Five tactics that really work (Part 1 of 2)
“I’m interested but the price is too high.” Sound familiar?
These five tactics ensure you stay in control and never give too much away.
Tactic 1. Say NO
"Cut your price to £85,000 and we can do business." The buyer obviously wants to buy from you, but is this a ‘take it or leave it’ demand? There are two things you should consider:
- Is the buyer hand-cuffed?
- Is the buyer trying it on?
Is the buyer handcuffed?
Senior managers sometimes instruct their buyer to only buy from one particular supplier but allow them to negotiate the best terms. They won’t tell you that you are a nominated supplier, that would ruin their game. So how can you tell?
The only way to find out is to say NO to their price squeeze and see what happens. But do it nicely, “I understand your need to get the best possible price, but our order book is strong and my Chief Executive won’t let me reduce our price.” Then shut-up and see what happens.
If you’re concerned that saying no will risk the order, don’t worry. If the buyer doesn’t back down you can fall back on the magical phrase, “But there may be something I can do.” But do make sure you plan what that ‘something’ is before you meet.
Are you their best supplier?
What if you are the only supplier that can deliver on time? What if your product or service is far superior to others? What if you are the only one that can meet their specification? There's only one way to find out. Say NO to their price squeeze. The trick here is to say NO in a way that leaves the door open to negotiate further.
“I am right on the limit with the price we quoted, I can’t go any lower without reducing the specification (or quantity, quality, time, support, etc.). Is that something we can discuss?
Tactic 2. Never give anything away
If you give away a concession, professional buyers will see it as a weakness. They’ll demand another concession, then another and another, until you have nothing left to give away but your shoes. It’s called nibbling. Each nibble may be small, but when you add them all together you can suffer a massive loss.
How do you stop buyers nibbling you? It’s simple. Every time they ask for a concession, ask for something in return. Use the most powerful word in negotiating, IF. “IF I give you this, will you give me that?” You’ll hear kids say this a hundred times a day in the school playground. Unfortunately, when we grow up and get into business, we forget.
The trick here is to trade things that are ‘low cost to you and high value to the customer’ with things that are ‘low cost to the customer and high value to you’. “We can bring the delivery date forward IF you can arrange to collect the parts from our factory, is this a possibility?'' If the customer is desperate for delivery and has empty vehicles going past your door, it makes sense, doesn’t it?
Plan what you are prepared to trade before you meet a buyer. Prepare two imaginary baskets.
One holds the concessions you are prepared to concede, the other holds what you want the buyer to give you in exchange. Write the contents of your baskets on a sheet of paper and take this with you to your customer meeting.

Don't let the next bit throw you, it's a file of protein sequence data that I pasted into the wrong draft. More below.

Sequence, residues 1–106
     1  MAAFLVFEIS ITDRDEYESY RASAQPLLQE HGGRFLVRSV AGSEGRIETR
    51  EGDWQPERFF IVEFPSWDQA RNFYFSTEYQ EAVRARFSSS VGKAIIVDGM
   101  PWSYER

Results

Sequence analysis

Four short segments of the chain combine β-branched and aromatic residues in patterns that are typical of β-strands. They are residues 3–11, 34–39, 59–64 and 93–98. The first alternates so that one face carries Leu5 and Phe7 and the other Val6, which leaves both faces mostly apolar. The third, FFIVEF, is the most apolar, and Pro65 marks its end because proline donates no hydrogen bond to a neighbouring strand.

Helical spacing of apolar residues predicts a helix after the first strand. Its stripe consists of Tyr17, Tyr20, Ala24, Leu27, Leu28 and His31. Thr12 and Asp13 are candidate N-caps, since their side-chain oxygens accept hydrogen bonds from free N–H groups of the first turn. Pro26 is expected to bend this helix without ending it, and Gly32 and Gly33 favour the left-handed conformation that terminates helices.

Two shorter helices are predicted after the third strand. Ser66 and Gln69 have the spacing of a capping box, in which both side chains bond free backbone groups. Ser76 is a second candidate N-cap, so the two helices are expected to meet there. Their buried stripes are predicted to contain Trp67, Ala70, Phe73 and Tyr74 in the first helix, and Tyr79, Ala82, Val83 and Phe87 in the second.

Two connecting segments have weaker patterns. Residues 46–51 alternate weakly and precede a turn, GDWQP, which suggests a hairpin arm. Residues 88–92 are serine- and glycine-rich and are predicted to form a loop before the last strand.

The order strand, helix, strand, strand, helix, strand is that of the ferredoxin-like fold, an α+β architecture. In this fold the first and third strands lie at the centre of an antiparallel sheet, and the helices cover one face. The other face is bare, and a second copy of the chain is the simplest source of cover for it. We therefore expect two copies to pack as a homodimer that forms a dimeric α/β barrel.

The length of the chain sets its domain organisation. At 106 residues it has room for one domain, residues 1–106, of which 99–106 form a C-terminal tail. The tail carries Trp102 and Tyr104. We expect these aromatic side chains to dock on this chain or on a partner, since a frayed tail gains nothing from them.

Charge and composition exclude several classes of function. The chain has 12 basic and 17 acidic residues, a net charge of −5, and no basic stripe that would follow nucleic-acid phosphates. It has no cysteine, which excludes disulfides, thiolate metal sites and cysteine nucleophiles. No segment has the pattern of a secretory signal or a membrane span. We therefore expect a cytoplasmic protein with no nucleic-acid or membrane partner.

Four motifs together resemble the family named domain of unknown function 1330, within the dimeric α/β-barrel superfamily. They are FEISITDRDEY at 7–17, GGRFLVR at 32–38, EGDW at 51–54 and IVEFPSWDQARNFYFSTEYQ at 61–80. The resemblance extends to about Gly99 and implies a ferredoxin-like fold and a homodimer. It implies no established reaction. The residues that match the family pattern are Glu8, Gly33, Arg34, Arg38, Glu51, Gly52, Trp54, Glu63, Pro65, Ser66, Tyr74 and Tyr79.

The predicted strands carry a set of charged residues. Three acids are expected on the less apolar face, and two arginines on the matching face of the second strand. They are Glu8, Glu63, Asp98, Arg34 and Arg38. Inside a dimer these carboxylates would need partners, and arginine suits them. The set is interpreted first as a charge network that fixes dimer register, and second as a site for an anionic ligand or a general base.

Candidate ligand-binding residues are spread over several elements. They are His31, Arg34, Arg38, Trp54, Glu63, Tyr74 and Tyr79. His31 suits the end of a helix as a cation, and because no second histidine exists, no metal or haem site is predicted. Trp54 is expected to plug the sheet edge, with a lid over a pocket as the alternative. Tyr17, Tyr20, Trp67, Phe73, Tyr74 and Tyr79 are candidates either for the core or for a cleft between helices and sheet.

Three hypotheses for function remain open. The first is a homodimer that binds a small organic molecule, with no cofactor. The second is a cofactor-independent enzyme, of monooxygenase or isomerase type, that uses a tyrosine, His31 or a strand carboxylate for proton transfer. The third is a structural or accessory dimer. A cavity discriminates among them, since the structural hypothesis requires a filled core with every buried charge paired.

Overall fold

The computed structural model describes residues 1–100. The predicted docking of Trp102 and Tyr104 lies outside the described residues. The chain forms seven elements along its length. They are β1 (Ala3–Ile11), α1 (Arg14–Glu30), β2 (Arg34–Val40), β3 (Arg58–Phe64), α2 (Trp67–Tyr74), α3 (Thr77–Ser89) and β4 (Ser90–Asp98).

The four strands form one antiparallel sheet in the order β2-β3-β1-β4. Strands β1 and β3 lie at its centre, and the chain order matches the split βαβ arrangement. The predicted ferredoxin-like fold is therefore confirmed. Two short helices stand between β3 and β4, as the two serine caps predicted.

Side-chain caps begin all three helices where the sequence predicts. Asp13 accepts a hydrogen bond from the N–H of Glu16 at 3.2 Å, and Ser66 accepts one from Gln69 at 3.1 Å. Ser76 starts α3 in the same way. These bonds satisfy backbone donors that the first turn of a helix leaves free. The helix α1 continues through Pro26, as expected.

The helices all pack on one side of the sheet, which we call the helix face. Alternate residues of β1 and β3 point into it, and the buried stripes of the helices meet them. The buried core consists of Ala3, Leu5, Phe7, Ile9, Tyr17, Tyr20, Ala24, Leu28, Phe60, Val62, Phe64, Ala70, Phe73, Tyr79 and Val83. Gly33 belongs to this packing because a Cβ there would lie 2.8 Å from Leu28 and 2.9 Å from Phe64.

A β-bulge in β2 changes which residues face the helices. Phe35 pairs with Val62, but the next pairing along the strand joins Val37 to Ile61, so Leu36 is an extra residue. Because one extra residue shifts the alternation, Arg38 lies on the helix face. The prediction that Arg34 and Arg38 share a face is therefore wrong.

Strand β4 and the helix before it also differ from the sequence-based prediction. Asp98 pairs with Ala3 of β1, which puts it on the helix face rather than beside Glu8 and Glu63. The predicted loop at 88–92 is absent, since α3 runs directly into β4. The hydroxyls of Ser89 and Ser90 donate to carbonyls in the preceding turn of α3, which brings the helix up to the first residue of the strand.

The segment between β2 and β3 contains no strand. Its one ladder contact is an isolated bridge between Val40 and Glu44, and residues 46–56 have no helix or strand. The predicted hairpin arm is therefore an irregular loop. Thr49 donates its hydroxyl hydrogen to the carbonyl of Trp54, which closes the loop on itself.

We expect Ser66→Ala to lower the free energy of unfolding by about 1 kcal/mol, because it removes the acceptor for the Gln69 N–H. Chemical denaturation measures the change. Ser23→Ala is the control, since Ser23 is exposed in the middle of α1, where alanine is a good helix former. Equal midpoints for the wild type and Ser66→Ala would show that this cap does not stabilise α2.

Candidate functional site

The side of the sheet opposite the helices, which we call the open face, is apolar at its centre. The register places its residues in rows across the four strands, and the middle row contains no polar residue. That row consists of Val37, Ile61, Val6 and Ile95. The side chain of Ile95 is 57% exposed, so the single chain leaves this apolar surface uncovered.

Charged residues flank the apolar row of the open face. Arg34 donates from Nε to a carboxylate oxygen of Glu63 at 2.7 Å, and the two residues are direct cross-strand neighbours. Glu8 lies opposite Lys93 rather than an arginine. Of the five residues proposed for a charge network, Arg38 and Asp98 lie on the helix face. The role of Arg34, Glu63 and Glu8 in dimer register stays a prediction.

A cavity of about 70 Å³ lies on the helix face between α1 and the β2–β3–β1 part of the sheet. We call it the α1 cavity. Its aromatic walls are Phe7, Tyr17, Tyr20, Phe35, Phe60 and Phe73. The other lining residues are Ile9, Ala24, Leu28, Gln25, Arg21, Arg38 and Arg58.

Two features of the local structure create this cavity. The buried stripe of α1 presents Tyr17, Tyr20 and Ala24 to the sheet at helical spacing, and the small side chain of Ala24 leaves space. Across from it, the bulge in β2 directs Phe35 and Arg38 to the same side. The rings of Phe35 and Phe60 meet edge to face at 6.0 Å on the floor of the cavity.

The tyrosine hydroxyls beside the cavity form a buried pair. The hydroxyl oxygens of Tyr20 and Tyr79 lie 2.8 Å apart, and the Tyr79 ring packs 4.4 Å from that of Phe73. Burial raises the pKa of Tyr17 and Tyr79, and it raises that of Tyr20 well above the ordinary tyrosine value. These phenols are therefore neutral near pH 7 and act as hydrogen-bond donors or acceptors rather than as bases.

Do make sure you trade everything, even the smallest concessions. Buyers will respect you.
If you enter the lion’s den without your baskets full of tempting trades, expect to be eaten alive.
Tactic 3. Focus on outcomes
No one actually buys what you sell. Customers buy to achieve an aspiration or resolve a nagging problem. For example, customers don’t buy mobile phones, they buy a way to keep in touch when they’re on the move. Some mobiles are better at this task than others. Some phones are more desirable than others, an iPhone for example. Everyone understands this, until they meet a buyer who wants to squeeze the price. The buyer makes a straight comparison between your price and a competitor’s, “Your competitor’s price is 15% lower, are you prepared to match that?”
What buyers rarely consider, or like to discuss, is the difference in the outcome their company can achieve. What if your office computer system increases the customer’s staff efficiency by 80% and your competitor struggles to achieve 30%. Switch the discussion to talk about the outcome value to the customer.
“I do understand your need to keep costs low; it was a discussion I had with your Operations Director last week. When we evaluated the difference between our system and the competitor’s, our system gives you 40% higher staff efficiency, which is expected to save your company around £230,000 in admin costs over the next three years. I can meet your competitor’s price, but only IF I re-quote our system to match the competitor’s specification. If price is critical, is that something we can look at?”
If you suspect that your product or service is better than your competitor’s, you can also say, “I do understand your need to keep costs low and I‘ll be happy to look at our price, but only IF our marketing services are comparable with the competitor’s and are expected to deliver similar sales growth for your company. Can we compare each specification to see IF they both deliver the same value for your company?''
Notice that you haven’t agreed to reduce your price, only to look at it.
‘Take you time’ and ‘Question, question, question.’